Apple’s recent stand-off with the FBI refocuses the dilemma of what to do when someone has used your product in a way that was never intended. What should brands do to influence or change how their products are used?
There’s some evidence to suggest that brands globally can expect to have shorter and shorter half lives. But do the same dynamics apply to digitally-based brands that have applied to the brands that were built “physically” in the past?
Often, when people in agencies talk about brand strategy, what they are meaning is the thinking that has led to the work they have been doing on the brand. That’s not brand strategy.
Ever since the GFC, global markets seem to have become more volatile. Oil prices rise and crash; China’s growth soars and slides. When market dynamics are this dramatic, how should you look to effectively develop a brand? Do you go with the ebb and flow, or act as a beacon of constancy?
Everything your brand does happens within a context. You can’t ignore that, nor should you. But here’s the irony – if you allow that wider context to drive how you manage your brand, then you risk losing control because the course you are steering is no longer yours.
In The Smarter Screen, Shlomo Benartzi lays out a world where we are besieged by choices; choices that, far from helping us to make better decisions, confuse us into behaving in ways that are actually less informed.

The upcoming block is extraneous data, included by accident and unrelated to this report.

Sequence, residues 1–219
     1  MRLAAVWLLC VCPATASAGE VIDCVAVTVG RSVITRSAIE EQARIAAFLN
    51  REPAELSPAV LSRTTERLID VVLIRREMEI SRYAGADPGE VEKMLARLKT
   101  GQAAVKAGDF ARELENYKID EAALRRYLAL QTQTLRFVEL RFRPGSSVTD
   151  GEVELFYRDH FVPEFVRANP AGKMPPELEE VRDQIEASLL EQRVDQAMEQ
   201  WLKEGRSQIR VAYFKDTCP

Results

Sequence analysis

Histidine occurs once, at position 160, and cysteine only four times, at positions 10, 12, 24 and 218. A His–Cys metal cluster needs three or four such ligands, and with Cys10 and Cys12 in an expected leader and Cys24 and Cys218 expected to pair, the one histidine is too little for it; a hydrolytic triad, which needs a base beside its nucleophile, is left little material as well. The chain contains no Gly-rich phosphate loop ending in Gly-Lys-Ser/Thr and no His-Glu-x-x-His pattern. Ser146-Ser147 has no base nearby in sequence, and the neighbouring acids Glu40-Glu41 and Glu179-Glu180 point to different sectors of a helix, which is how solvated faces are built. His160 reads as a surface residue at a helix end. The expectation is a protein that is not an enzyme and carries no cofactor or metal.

In an age where brands are increasingly seen as shared, companies can easily be lulled into treating social media as polling booths for their strategy. That’s not a good idea. However, there are times when you should respond to what is being said. The secret is knowing what to respond to, when and how.
Personalisation is the quest of the moment for so many marketers, with 70% of executives interviewed by Forrester saying it is now of strategic importance to their business. (What may surprise you, as it did me, is how generalised so much marketing still is.)
The sharing economy is substantial. Uber’s valuation just hit $50 billion. Airbnb is valued at around $20 billion. And Entrepreneur believes the sharing economy’s size in five key sectors will reach 335 billion by 2025. As this article explains, “The catalyst behind the sharing phenomenon are technology platforms—big data and mobile—allowing consumers to share anything, anywhere, and anytime at an affordable price. Sharing is ubiquitous today.”